Preamplifier Valves for Guitar Amplifiers

This short article deals with preamplifier valves for guitar amplifiers. There is another article which covers power guitar amplifier valves and also rectifier guitar amplifier valves. It is not intended to show you how tube amps work or the detailed operation of a tube amplifier.

ThereECC83S are only three basic types of guitar amplifier valves, although there are different makes (manufacturers) for each type.

The three types of guitar amplifier valves are:

  • Preamplifier valves
  • Power amplifier valves
  • Rectifier valves

Briefly though, the power guitar amplifier valves do the ‘heavy lifting’ in the output stage of the amplifier. They supply the power which moves the speaker.

Rectifier valves are rare in modern amplifiers but purists like to keep their old rectifier valve amplifiers to get that vintage amplifier sound. All this valve does is change the AC mains input to produce DC, in modern amplifiers silicon rectifier diodes are used instead.

Preamplifier Valves

These guitar amplifier valves are easily recognisable as they are the smaller tubes in your amplifier. The large tubes are the power valves.

So what do these preamplifier valves actually do?

First you need to understand that the input signal from your guitar is very low level. Typically it will be 100mV or so, AC of course. That’s a tenth of a volt! It’s amazing the guitar produces this amount! It is, after all, generated by waggling a metal string in front of a coil!

If we fast forward to the other end of your amplifier, you need many tens of volts to drive the speaker. So you can see we need some amplification (hence the name ‘guitar amplifier’!!)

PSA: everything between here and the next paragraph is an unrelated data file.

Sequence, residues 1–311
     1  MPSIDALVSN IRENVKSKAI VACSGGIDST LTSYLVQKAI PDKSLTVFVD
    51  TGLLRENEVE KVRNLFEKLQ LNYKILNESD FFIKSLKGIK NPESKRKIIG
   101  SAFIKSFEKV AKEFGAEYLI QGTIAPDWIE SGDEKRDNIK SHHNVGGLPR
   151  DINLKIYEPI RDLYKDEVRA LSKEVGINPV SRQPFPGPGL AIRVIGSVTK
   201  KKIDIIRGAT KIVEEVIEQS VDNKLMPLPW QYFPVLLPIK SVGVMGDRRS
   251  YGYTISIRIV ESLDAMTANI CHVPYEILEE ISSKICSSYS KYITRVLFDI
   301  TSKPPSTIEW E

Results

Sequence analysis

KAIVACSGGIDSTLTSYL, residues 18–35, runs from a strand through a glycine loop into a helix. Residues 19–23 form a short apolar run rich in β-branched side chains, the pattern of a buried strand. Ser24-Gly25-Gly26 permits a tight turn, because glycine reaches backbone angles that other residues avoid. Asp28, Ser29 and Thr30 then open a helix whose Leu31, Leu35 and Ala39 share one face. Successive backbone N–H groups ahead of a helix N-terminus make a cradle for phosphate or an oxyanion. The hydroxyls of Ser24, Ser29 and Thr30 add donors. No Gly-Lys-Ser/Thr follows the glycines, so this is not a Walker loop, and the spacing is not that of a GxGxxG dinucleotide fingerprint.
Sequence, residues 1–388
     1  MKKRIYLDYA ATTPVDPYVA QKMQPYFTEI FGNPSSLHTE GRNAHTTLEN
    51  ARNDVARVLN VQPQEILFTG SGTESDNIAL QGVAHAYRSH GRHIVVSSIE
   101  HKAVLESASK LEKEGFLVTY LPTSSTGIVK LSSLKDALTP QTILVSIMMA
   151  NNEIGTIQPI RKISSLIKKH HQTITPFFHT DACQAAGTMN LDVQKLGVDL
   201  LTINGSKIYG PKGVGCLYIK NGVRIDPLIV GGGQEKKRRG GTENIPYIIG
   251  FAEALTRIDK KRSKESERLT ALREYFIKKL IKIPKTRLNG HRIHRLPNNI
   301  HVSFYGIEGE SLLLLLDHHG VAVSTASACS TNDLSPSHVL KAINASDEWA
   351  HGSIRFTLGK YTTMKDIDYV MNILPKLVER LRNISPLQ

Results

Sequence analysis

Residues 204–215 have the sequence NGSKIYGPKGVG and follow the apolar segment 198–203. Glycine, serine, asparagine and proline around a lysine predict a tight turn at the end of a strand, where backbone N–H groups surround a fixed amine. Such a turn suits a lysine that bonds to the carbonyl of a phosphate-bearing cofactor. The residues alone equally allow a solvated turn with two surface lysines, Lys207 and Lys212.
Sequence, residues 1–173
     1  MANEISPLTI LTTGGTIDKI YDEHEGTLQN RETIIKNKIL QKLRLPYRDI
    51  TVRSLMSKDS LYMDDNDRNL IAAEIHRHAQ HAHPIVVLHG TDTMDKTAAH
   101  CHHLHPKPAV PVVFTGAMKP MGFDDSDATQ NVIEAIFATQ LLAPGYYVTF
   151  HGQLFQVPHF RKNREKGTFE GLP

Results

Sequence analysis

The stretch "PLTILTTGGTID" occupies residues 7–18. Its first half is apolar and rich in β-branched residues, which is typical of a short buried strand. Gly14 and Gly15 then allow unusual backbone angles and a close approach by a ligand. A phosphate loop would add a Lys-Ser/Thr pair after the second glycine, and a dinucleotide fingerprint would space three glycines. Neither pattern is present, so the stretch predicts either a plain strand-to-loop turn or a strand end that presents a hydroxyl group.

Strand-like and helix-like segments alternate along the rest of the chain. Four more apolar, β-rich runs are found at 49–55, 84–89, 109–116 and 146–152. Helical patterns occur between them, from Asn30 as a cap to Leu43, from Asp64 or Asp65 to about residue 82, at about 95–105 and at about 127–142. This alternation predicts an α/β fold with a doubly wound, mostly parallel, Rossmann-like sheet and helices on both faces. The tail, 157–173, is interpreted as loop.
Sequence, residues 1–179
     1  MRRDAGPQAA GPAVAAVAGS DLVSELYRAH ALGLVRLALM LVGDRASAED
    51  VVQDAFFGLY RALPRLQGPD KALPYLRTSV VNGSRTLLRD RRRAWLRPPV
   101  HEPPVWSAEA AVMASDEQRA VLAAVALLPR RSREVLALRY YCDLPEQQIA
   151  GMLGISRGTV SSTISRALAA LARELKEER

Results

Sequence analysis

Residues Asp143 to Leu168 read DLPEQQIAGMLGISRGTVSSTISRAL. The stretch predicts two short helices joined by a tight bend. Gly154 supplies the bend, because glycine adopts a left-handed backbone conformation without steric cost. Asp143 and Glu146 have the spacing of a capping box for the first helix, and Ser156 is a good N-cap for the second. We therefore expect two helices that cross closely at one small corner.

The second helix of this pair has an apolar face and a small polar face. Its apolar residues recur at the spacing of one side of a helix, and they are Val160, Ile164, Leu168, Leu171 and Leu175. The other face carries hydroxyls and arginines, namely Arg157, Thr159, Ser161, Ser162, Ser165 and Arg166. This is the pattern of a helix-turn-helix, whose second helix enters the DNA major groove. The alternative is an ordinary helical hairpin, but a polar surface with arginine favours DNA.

The preamplifier valves take the very low level signal from your guitar and amplify it up in several stages. For reasons I won’t bore you with, you can only get a certain amount of gain from a single valve stage. So you need to cascade several guitar amplifier valves to get the gain we need.

The valve guitar amp may have a reverb pan. If so, we use a preamplifier valve to amplify the very low level coming back from the reverb pan. The pan needs a high level signal to drive spring, but by the time the sound has passed along the spring and activated the small pickup coil, it’s at a very low level.

the Guitar amplifier valves are also needed to boost the signal after it has been passed through a passive (and hence lossy) tone control stack.

If you have an ‘overdrive’ facility on your amplifier, this will need an additional gain stage to give the insanely high gains demanded.

The Phase Splitter

Finally, one preamplifier valve is configured as a ‘phase splitter’ right before the signal is passed to the power valves. The phase splitter valve  produces two 180 phase shifted signals to drive the ‘push pull’ output stage. Valves suitable for phase splitters are usually selected to have equal gain on both halves because you want to drive the output valves (a matched pair or matched quad) with an identical signal.

Bottom line? Open up any valve guitar amplifier and you will see between 3 and 6 preamplifier valves sitting there.

They will almost all be the ECC83/12AX7 valve. This is by far and away the most common of the preamplifier guitar amplifier valves. Each ECC83 is actually two valves in one glass envelope, so you can get two stages of gain from one valve.

You may also notice some of the earlier stage guitar amplifier valves have a metal can around them (which you can easily removee of course). What’s that for? It acts as a screen to shield from unwanted noise and hum. The less of this you have in the early stages of the amplifier, the better (because obviously it all gets amplified up in subsequent stages).

Occasionally you will find an ECC82 or ECC81 used as a preamplifying valve. These are nearly identical to the ECC83 but they just have a somewhat lower gain.

See my other articles on guitar amplifier valves which covers Power valves and rectifier valves.

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